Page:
my daughter passed away recently and before she did the hospital gave power of attorney to her girlfriend or so we thought.

well the RN called all of us into a meeting and me and my wife had no say in anything. after she passed come to find the document wasnt legal is there anything we can do about this

Asked on July 24, 2015 under Malpractice Law, Nevada

Answers:

SJZ, Member, New York Bar / FreeAdvice Contributing Attorney

Answered 5 years ago | Contributor

First, please accept our sympathy for your loss.

In terms of your question, there are two different issues. The first is liability or fault and the obligation to pay compensation. In a case like this, that would typically depend on whether the hospital was negligent, or unreasonably careless, in choosing to honor the POA. If the POA looked legitimate and valid on its surface, then if there was some defect that would require a closer look or some more detailed verification, the hospital would most likely not be liable, since persons and institutions may rely on valid-seeming POAs. On the other hand, if they did not do even the basic level of verification, such as reviewing the actual POA itself--i.e. they simply relied on the girlfriend stating orally/verbally that she had a POA--they would be liable.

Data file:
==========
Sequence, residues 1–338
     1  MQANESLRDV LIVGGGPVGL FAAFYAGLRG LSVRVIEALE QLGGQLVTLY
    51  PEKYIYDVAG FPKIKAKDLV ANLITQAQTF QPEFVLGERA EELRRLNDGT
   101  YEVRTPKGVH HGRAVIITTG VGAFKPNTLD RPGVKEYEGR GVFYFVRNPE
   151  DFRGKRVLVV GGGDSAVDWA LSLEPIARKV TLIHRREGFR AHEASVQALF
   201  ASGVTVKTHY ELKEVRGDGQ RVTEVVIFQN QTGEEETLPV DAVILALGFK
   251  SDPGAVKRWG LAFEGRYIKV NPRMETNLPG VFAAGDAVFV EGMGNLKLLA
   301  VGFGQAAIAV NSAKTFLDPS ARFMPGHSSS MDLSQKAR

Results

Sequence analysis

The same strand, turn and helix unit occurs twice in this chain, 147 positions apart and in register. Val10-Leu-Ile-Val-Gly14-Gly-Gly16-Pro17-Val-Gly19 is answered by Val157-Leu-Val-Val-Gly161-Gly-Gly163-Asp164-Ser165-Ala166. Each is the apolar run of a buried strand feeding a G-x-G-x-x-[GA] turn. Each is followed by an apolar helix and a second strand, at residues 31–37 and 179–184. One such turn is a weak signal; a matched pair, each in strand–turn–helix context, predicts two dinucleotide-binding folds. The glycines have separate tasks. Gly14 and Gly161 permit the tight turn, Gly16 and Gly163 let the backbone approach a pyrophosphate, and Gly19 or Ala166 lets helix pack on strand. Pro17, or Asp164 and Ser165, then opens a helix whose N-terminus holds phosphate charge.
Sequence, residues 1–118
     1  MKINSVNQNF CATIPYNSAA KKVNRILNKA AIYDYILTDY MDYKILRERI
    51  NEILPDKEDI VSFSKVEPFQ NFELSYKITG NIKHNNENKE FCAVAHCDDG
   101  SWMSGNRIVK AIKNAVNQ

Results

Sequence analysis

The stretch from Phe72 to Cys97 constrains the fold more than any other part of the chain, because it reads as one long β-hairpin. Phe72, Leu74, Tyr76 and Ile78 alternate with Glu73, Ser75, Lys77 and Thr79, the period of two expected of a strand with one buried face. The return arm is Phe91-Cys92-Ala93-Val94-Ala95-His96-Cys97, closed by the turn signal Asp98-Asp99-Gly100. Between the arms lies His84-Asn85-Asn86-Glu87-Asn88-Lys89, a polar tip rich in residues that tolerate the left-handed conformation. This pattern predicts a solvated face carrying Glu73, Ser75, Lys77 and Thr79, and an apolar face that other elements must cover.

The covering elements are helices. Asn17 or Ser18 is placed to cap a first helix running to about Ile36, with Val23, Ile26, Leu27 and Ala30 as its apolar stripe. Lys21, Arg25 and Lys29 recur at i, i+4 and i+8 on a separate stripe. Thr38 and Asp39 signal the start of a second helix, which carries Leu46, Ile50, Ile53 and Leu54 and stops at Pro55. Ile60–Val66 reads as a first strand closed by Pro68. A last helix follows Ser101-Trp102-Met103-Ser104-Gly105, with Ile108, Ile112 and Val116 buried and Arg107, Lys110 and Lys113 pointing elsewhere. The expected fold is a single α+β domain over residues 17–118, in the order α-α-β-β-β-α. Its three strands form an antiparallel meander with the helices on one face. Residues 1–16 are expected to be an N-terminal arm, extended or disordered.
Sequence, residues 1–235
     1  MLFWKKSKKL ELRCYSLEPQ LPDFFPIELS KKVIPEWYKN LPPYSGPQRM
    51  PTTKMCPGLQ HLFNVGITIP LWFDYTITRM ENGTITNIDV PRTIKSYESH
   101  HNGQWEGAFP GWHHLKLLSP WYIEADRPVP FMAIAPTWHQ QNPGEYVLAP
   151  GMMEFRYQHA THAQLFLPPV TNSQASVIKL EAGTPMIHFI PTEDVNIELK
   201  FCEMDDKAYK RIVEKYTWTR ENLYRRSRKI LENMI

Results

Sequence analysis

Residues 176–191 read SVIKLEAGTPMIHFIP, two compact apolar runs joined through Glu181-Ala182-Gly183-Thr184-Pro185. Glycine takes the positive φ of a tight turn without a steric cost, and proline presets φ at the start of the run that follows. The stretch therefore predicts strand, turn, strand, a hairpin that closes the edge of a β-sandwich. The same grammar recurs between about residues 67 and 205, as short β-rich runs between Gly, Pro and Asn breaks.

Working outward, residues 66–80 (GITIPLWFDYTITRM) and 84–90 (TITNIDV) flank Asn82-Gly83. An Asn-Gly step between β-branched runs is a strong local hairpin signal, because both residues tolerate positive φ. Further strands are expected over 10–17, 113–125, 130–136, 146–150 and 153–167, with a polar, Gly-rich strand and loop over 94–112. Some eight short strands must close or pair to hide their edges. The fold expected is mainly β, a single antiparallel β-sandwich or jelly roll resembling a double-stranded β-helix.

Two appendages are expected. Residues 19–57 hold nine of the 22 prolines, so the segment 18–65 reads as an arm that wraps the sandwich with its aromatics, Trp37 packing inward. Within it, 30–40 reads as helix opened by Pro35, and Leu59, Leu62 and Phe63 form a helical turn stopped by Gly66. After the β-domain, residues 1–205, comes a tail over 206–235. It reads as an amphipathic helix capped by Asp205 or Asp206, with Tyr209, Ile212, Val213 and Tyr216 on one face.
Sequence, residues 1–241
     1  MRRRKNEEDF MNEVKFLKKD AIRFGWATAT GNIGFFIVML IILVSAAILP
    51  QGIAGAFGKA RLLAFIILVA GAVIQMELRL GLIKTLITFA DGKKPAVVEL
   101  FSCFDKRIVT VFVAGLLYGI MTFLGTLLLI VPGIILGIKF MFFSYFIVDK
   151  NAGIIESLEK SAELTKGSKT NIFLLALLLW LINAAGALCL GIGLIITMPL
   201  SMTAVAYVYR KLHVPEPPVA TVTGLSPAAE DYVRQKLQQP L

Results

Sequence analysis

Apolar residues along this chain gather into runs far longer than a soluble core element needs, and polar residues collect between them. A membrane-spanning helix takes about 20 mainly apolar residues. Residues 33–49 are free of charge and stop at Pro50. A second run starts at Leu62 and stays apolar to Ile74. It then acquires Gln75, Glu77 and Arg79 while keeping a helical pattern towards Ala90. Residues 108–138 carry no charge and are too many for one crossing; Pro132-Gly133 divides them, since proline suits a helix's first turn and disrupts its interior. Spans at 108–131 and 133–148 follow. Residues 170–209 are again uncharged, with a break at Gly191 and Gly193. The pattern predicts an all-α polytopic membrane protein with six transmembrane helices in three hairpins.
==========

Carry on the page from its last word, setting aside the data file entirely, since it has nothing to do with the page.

Second, though, for compensation, there has to be damages, or some non-emotional loss (emotional harm is generally only recognized when inflicted deliberately, such as by a stalker or serial harasser/bully or when it is a by-product of being near a loved one when she suffers a lethal and traumatic physical assault or accident).

In this case, there may not be compensible damages or injuries, if the hospital doing this understandably upset you and hurt you emotionally, but did not do anything to, say, shorten your daughter's life. It would be worthwhile, however, consulting in more detail with a medical malpractice or personal injury attorney, to see if perhaps there is some compensible damages, but at first blush, there would not seem to be.

You do have the option of filing a complaint with the state's medical licensing board about this, which would not result in compensation but may result in at least some small sense of justice.


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